The Relationship Between Some Psychological Factors And Their Effect On The

Performance Of Grid Questions And Word Association Tests



Mehmet Bahar, Centre for Science Education, University of Glasgow, Glasgow, UK

Dr Mike Hansell, Institute of Biomedical and Life Sciences, University of Glasgow, Glasgow, UK



This paper reports (i) the relationship between some psychological factors (i.e. Field Dependence/Field Independence, Convergence/Divergence and Working Memory Capacity) and, (ii) the effect of these factors in the performance of the grid-type of questions as well as word association tests in biological concepts.

101 pupils at Higher Grade Biology (age 16-17) from four different secondary schools in the Central Belt of Scotland and around 300 first year biology students at Glasgow University have participated in this research.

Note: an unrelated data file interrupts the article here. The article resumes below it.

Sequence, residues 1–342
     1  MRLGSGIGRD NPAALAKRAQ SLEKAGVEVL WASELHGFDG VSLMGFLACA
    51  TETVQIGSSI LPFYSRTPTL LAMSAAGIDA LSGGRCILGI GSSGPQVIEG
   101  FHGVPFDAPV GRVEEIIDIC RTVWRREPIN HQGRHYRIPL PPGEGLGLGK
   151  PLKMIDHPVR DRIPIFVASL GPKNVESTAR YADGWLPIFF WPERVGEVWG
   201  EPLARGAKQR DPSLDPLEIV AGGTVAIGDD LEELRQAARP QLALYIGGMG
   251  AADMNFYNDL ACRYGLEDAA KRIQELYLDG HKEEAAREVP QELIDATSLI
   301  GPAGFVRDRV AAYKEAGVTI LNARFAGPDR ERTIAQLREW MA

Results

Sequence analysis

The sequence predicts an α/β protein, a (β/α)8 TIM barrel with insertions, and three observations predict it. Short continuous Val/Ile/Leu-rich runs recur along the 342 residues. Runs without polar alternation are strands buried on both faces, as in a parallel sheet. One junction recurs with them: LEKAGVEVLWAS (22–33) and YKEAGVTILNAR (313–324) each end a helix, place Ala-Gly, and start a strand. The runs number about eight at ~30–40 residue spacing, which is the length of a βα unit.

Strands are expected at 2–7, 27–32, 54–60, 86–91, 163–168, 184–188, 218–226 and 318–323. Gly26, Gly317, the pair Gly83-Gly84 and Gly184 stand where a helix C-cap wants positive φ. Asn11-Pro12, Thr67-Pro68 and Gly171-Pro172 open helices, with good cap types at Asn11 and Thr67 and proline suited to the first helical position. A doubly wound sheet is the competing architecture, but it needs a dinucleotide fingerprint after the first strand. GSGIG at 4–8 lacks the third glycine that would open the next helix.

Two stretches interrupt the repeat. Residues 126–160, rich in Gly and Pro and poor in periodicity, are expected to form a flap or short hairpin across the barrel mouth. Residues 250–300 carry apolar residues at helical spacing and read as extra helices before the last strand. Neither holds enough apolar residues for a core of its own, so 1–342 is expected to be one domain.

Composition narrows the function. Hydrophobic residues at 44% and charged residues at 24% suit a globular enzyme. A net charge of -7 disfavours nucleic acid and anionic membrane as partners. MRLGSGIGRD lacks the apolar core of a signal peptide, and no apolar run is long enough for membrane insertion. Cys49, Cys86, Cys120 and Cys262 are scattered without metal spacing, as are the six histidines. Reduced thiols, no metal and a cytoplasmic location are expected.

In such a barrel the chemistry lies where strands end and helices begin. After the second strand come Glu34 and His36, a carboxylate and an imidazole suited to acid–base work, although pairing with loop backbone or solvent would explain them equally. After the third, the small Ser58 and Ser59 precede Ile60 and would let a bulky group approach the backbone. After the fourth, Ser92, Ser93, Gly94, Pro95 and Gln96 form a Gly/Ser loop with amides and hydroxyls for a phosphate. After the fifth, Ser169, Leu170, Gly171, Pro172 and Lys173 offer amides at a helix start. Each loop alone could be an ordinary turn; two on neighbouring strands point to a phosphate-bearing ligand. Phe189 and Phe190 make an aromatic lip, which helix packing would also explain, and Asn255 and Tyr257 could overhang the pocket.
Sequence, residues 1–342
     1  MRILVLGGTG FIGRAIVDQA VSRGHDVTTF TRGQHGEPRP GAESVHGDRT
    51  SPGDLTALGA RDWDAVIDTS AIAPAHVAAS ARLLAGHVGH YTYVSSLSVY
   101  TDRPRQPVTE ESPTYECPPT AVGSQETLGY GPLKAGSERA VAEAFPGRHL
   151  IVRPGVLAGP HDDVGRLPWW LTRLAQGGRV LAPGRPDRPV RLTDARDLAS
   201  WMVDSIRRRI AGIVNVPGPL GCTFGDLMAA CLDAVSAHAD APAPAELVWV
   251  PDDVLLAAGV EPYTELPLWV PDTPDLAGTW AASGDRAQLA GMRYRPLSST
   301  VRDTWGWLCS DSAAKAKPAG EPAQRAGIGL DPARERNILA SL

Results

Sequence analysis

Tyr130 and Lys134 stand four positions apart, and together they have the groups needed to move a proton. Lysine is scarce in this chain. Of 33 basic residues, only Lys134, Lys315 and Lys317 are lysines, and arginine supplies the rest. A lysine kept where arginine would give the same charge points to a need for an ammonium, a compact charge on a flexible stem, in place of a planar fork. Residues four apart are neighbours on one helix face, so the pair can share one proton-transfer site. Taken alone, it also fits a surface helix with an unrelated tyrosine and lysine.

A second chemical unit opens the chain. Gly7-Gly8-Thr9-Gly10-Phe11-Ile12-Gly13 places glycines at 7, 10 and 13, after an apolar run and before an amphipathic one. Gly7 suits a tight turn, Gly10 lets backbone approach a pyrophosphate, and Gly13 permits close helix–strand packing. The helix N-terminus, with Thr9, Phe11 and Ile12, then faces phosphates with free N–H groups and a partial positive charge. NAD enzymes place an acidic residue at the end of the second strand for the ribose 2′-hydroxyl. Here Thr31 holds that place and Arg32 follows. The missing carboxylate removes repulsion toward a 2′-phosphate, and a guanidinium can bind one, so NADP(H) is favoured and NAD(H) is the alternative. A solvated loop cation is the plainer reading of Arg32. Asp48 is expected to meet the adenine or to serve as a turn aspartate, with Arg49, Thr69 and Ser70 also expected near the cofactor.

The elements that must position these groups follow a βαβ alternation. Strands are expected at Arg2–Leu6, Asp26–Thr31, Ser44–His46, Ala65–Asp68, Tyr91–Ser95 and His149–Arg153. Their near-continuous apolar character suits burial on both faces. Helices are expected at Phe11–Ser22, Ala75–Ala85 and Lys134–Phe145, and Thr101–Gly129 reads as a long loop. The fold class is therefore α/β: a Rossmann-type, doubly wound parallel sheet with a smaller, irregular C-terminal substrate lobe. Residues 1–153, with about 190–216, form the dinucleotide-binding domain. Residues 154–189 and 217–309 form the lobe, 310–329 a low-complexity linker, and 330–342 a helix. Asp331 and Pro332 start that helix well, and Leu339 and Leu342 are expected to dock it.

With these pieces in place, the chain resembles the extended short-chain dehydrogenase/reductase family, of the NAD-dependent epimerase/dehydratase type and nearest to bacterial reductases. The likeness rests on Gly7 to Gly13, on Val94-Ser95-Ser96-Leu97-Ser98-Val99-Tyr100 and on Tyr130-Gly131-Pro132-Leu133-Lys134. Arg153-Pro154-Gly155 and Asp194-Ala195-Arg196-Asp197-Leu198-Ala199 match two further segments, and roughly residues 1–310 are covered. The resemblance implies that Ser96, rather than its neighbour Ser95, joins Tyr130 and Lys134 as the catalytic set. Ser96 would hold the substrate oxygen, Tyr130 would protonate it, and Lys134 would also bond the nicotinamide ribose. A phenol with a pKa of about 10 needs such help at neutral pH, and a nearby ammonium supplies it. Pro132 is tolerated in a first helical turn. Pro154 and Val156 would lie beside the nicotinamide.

The results showed that (i) there is likely to be an overlap between the field independence, high working memory capacity and a divergent thinking style and, between field dependence, low working memory capacity and a convergent thinking style. (ii) In terms of grid questions (in which the data is presented in the form of a numbered grid and students were asked to select the appropriate boxes from the grids for each question), overall performance of the field independent pupils in the grids was better than field dependent pupils. Pupils/students who had a divergent thinking style had higher scores on grid questions than the pupils/students who had a convergent thinking style. In terms of word association tests (WAT) responses, only convergence and divergence dimension of cognitive styles showed a significant relationship with the WAT. That is, students who had a divergent thinking style gave a larger total number of responses and a wider range of responses to the key words in the WAT than the students who had convergent thinking style.

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